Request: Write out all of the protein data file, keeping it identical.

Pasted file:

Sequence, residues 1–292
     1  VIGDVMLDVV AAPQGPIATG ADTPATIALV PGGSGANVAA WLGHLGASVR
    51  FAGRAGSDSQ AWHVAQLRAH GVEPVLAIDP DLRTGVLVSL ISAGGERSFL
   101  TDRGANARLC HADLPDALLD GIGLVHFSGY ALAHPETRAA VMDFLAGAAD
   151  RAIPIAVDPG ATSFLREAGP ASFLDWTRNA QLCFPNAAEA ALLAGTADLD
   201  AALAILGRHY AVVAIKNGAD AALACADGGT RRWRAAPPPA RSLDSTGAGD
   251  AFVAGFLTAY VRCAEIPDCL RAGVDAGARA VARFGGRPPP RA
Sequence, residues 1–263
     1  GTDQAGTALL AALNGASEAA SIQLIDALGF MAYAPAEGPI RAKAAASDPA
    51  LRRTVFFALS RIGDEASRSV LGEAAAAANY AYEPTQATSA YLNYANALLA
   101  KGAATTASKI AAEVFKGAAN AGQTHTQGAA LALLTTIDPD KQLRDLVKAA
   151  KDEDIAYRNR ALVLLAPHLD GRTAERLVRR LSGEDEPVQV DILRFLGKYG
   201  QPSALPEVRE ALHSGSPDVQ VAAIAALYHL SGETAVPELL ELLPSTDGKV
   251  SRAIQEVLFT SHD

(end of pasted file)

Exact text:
Sequence, residues 1–292
     1  VIGDVMLDVV AAPQGPIATG ADTPATIALV PGGSGANVAA WLGHLGASVR
    51  FAGRAGSDSQ AWHVAQLRAH GVEPVLAIDP DLRTGVLVSL ISAGGERSFL
   101  TDRGANARLC HADLPDALLD GIGLVHFSGY ALAHPETRAA VMDFLAGAAD
   151  RAIPIAVDPG ATSFLREAGP ASFLDWTRNA QLCFPNAAEA ALLAGTADLD
   201  AALAILGRHY AVVAIKNGAD AALACADGGT RRWRAAPPPA RSLDSTGAGD
   251  AFVAGFLTAY VRCAEIPDCL RAGVDAGARA VARFGGRPPP RA
Sequence, residues 1–263
     1  GTDQAGTALL AALNGASEAA SIQLIDALGF MAYAPAEGPI RAKAAASDPA
    51  LRRTVFFALS RIGDEASRSV LGEAAAAANY AYEPTQATSA YLNYANALLA
   101  KGAATTASKI AAEVFKGAAN AGQTHTQGAA LALLTTIDPD KQLRDLVKAA
   151  KDEDIAYRNR ALVLLAPHLD GRTAERLVRR LSGEDEPVQV DILRFLGKYG
   201  QPSALPEVRE ALHSGSPDVQ VAAIAALYHL SGETAVPELL ELLPSTDGKV
   251  SRAIQEVLFT SHD